Experts have said trauma counselling for their surviving classmates will also be a necessity.
As rescue workers made their final sweep through the ruins making sure no one was left beneath the debris, others have already begun the next stage of putting Moore back on the map.
Copyright © 2013 euronews
Parliament Officials meet in Brussels to address the burden the €1 trillion tax evasion is having on the EU economy, and have again called to end fraud and ‘offshore’ zones. The European Parliament agreed to halve the 1 trillion figure by 2020 through an aggressive dismantling of tax loopholes and havens. The MEP’s also approved state resources to go after and prosecute tax evaders, in hopes of recovering lost assets.”At a time when finances are tight and taxpayers are squeezed, it’s only right that we crack down on those who pursue illegal means to avoid making any contribution to public coffers, and who put smaller competitors at a disadvantage,” said Conservative MEP Martin Callanan, in a direct challenge to British PM David Cameron to make tax evasion a priority in the UKAustria, notorious for its banking secrecy, has joined its EU partners in the quest against tax fraud, and supports the one year banking secrecy deadline. According to Tax Research UK, a blog maintained by an “anti-poverty campaigner and tax expert” according to the Guardian.The blog’s owner also is involved with Tax Justice Network and is the director of Tax Research LLP.The poverty charity Oxfam said on Tuesday that the EU has missed out on £100 billion from individual tax scammers.Oxfam has called for a blacklist of tax havens and believes EU member states should impose sanctions on members who provide platforms for such activity.Ireland has vehemently denied it is a tax haven and on Wednesday called for an international clampdown on multinationals, yet sits at the center of the controversy. On Monday, it became known that Apple Inc. paid just 2 percent on $74 billion overseas income, which was mostly facilitated by a loophole in Ireland’s tax code.The ‘Irish double dip’ allows a company to file two subsidiaries in Ireland with a corporate tax rate of 12.5 percent, which is far less than the 35 percent rate in the US, for example.This ‘legitimate tax abuse’ by high-profile corporates such as Amazon, Google, and Apple hijacked the EU summit agenda.Martin Callanan has called for an end to tax-havens and doesn’t blame the companies, but the governing bodies which allow such a framework.”Nobody can blame companies for wanting to look after share-holders’ capital by minimizing their tax bill in a legal manner,” he said.Getting all member states to abide by one tax code, seems near impossible.“While companies may be using loopholes to pay as little tax as possible, the truth is it’s a national issue. It’s up to the relevant member states to change their tax codes and tighten the net.”The EU has already agreed to strengthen savings tax agreements with European countries widely regarded as tax havens – Switzerland, Liechtenstein, Monaco, Andorra and San Marino.Luxembourg has taken a lead and has agreed to an automatic information exchange with the United States. …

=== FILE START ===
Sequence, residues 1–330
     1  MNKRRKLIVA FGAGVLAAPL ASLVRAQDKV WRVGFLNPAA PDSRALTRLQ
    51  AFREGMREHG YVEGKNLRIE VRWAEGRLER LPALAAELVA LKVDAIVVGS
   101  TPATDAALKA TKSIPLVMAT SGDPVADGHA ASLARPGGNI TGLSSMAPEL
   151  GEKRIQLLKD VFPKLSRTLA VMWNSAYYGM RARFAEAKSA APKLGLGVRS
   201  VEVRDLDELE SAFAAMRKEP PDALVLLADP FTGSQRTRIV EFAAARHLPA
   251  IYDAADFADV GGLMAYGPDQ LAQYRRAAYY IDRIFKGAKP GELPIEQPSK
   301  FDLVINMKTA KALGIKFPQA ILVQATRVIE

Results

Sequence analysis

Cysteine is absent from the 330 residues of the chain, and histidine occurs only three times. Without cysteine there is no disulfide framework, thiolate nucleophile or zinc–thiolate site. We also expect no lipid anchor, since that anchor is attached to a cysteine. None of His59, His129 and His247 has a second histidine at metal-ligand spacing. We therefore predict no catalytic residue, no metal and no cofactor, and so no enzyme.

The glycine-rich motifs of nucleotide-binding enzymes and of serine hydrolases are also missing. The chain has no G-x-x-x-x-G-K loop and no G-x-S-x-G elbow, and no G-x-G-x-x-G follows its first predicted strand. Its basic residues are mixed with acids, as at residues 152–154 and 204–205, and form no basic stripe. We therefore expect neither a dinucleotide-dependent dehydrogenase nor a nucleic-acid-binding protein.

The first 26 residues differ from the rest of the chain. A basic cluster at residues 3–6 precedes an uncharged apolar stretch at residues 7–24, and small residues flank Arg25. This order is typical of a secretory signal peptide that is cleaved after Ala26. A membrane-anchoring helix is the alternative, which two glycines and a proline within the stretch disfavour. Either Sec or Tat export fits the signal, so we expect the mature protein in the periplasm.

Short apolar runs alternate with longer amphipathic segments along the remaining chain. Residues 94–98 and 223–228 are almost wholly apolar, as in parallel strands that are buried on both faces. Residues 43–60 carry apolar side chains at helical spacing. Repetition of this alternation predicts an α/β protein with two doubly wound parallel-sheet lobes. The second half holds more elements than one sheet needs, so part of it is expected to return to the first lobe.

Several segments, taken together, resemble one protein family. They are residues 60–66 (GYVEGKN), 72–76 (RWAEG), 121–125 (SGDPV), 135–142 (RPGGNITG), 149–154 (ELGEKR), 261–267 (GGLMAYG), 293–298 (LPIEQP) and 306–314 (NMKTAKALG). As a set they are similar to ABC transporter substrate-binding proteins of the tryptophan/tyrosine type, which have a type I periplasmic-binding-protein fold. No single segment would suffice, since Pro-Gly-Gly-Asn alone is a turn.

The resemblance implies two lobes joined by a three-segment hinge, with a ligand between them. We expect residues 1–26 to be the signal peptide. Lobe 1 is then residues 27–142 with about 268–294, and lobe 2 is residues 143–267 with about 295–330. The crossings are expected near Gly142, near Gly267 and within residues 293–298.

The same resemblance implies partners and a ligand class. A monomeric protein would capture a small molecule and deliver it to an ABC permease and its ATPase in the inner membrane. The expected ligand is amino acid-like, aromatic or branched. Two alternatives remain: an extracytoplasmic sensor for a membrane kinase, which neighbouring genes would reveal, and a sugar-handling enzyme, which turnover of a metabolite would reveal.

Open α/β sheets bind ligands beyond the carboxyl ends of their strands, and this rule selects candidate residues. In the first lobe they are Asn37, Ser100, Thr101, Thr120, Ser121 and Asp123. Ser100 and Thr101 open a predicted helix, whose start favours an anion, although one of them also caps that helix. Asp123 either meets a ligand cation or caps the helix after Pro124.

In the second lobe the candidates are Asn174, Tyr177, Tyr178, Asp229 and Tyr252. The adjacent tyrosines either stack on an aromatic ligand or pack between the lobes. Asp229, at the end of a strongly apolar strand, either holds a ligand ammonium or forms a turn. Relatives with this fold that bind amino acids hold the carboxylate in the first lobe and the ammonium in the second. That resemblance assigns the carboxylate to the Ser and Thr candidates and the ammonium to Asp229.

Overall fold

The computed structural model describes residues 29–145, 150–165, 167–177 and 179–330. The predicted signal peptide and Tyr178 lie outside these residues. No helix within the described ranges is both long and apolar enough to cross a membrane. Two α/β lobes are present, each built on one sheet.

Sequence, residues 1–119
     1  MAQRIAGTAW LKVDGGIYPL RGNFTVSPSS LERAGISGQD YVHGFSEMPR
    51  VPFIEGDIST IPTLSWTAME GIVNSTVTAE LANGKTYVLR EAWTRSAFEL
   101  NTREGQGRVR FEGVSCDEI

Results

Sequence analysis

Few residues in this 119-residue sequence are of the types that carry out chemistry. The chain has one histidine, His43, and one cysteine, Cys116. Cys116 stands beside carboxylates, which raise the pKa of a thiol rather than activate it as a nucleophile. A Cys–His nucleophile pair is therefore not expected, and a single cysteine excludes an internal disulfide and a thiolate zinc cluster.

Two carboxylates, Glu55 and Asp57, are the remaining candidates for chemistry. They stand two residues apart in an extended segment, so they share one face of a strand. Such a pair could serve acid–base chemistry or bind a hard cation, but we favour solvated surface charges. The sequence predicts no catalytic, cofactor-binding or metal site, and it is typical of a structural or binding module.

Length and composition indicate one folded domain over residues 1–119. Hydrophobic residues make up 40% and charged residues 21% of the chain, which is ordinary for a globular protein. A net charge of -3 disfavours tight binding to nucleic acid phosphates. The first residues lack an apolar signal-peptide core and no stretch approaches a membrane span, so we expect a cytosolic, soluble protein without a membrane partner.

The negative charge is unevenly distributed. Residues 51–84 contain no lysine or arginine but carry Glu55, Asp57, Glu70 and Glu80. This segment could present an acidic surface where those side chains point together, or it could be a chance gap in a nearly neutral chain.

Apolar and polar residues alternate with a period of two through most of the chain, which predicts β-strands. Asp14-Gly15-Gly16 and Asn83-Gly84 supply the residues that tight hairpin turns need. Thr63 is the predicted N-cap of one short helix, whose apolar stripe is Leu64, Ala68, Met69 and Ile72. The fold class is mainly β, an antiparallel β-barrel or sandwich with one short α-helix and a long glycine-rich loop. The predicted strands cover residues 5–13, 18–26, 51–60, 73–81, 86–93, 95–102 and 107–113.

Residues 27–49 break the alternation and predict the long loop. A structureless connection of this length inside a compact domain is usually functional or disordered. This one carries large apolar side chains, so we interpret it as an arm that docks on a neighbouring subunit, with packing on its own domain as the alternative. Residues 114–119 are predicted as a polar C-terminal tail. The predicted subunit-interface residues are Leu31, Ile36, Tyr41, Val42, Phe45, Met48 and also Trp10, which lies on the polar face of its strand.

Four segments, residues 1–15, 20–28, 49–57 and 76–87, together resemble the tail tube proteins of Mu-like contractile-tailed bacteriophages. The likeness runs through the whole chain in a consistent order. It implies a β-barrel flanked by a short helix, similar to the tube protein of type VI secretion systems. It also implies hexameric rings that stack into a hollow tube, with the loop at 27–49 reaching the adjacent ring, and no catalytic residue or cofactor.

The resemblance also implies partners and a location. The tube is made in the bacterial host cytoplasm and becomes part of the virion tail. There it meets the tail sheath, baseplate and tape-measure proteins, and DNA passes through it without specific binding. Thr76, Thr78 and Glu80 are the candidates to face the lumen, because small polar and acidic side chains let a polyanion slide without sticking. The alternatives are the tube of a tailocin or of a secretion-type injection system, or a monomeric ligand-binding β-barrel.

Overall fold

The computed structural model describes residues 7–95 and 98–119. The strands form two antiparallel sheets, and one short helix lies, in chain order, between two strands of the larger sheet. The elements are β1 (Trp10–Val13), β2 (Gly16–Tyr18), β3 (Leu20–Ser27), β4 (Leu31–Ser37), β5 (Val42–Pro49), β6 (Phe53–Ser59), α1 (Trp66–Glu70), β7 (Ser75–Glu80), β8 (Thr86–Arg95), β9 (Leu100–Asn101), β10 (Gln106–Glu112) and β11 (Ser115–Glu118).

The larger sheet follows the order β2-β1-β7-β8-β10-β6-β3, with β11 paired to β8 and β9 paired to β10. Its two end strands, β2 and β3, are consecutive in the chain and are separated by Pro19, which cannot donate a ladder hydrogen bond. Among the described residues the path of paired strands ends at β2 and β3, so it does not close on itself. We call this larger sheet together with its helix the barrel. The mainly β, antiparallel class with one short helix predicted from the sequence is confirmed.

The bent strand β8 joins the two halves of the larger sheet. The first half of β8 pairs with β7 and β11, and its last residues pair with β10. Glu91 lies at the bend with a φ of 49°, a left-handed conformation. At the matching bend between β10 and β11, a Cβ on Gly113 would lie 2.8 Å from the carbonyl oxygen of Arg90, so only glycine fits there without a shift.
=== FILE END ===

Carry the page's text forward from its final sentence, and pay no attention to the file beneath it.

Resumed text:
The level of immunity to the recently circulating H7N9 influenza virus in an urban and rural population in Vietnam is very low, according to the first population level study to examine human immunity to the virus, which was previously only found in birds …
Critics say Correa is creating a pro-government media system; Correa says there is a fundamental contradiction with corporate for-profit media involved in distributing public information …
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The fizz has long come off the European Film industry, even if the champagne corks are popping in Cannes.